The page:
So-called “extended chain surfactants”, are preferred in some formulations. Examples of these anionic surfactants are described in US Pat. Pub. No. 2006/0211593. Non-limiting examples of nonionic surfactants include alkyl amine oxides (for example Ammonyx® LO from Stepan Corp.) alkyl amidoamine oxides (for example Ammonyx LMDO from Stepan Corp.), alkyl phosphine oxides, alkyl polyglucosides and alkyl polypentosides, alkyl poly(glycerol esters) and alkyl poly(glycerol ethers), and alkyl and alkyl phenol ethoxylates of all types. Sorbitan esters and ethoxylated sorbitan esters are also useful nonionic surfactants. Other useful nonionic surfactants include fatty acid amides, fatty acid monoethanolamides, fatty acid diethanolamides, and fatty acid isopropanolamides.
In one embodiment, a phospholipid surfactant may be included. Lecithin is an example of a phospholipid.
In one embodiment, synthetic zwitterionic surfactants may be present. Non-limiting examples include N-alkyl betaines (for example Amphosol® LB from Stepan Corp.), and alkyl sulfo-betaines and mixtures thereof.
In one embodiment, at least some of the surfactants may be edible, so long as they exhibit water solubility or can form mixed micelles with edible nonionic surfactants. Examples of such edible surfactants include casein and lecithin.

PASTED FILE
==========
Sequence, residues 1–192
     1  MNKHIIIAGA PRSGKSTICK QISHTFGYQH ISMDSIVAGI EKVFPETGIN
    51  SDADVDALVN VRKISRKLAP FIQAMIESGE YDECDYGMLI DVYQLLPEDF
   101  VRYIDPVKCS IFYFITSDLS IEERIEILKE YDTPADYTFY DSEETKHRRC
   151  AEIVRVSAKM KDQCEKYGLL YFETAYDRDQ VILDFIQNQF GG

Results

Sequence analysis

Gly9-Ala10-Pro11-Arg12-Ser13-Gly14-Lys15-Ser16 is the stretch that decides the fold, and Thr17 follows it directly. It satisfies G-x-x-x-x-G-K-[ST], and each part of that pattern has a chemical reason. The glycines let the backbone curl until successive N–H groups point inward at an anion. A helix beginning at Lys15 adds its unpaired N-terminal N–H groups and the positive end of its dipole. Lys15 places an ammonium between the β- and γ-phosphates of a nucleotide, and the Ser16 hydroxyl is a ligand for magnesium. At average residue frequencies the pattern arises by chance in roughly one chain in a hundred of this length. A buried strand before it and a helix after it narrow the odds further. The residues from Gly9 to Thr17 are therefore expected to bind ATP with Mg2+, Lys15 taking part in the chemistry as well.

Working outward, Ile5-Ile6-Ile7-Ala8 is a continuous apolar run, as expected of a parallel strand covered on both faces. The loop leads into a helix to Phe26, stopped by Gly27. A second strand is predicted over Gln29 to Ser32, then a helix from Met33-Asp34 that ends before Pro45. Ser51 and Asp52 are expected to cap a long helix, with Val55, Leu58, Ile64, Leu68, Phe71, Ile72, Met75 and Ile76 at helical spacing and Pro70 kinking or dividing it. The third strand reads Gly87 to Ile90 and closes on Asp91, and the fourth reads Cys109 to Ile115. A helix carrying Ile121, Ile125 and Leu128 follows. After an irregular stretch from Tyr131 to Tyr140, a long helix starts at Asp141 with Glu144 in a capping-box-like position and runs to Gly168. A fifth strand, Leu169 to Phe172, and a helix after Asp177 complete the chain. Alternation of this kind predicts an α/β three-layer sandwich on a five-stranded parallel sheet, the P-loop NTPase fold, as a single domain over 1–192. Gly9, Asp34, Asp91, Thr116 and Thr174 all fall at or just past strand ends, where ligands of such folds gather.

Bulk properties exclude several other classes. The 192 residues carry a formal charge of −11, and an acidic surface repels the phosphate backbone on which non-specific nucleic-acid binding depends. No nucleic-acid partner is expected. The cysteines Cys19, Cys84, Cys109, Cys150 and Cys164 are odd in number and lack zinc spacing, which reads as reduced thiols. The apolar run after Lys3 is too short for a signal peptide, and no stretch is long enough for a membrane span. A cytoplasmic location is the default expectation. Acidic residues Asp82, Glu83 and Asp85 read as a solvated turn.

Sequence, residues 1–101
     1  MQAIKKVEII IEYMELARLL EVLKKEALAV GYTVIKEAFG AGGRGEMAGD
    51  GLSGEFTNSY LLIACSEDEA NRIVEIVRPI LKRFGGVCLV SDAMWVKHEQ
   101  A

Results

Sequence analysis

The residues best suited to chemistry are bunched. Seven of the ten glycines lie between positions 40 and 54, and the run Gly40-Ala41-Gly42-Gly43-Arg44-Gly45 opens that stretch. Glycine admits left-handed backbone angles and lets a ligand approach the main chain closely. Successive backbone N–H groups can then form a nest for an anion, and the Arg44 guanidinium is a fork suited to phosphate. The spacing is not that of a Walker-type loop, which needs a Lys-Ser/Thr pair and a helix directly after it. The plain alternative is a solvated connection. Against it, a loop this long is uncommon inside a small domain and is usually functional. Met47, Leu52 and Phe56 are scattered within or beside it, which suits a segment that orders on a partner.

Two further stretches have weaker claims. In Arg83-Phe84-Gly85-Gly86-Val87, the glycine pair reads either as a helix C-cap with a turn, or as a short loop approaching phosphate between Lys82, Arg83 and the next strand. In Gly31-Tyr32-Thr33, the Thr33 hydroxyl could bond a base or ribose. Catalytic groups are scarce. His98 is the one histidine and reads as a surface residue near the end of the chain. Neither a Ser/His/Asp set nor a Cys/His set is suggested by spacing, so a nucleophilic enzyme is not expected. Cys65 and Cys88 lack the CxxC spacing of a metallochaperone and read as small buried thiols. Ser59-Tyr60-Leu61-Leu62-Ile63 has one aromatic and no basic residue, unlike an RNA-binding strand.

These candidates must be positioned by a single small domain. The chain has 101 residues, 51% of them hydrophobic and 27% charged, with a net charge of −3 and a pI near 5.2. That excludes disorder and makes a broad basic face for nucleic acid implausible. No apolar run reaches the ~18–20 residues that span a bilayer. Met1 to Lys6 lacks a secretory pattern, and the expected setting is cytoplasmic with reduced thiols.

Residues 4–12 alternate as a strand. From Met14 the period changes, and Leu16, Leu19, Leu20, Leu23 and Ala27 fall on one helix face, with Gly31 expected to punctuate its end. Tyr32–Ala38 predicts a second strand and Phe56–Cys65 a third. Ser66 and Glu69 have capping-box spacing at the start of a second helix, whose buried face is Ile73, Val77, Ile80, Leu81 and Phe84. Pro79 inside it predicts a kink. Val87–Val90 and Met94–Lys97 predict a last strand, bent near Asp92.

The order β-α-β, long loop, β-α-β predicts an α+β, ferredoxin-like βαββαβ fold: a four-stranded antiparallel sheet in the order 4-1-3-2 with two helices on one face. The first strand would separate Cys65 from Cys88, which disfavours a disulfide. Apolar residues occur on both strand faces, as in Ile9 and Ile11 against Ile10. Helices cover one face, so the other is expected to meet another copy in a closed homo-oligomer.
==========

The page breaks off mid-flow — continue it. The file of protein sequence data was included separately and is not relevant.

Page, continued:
In one embodiment, the surfactants may be selected based on green or natural criteria. For example, there is an increasing desire to employ components that are naturally-derived, naturally-processed, and biodegradable, rather than simply being recognized as safe. For example, processes such as ethoxylation, may be undesirable where it is desired to provide a green or natural product, as such processes can leave residual compounds or impurities behind. Such “natural surfactants” may be produced using processes perceived to be more natural or ecological, such as distillation, condensation, extraction, steam distillation, pressure cooking and hydrolysis to maximize the purity of natural ingredients. Examples of such “natural surfactants” that may be suitable for use are described in U.S. Pat. Nos. 7,608,573, 7,618,931, 7,629,305, 7,939,486, 7,930,488, all of which are herein incorporated by reference.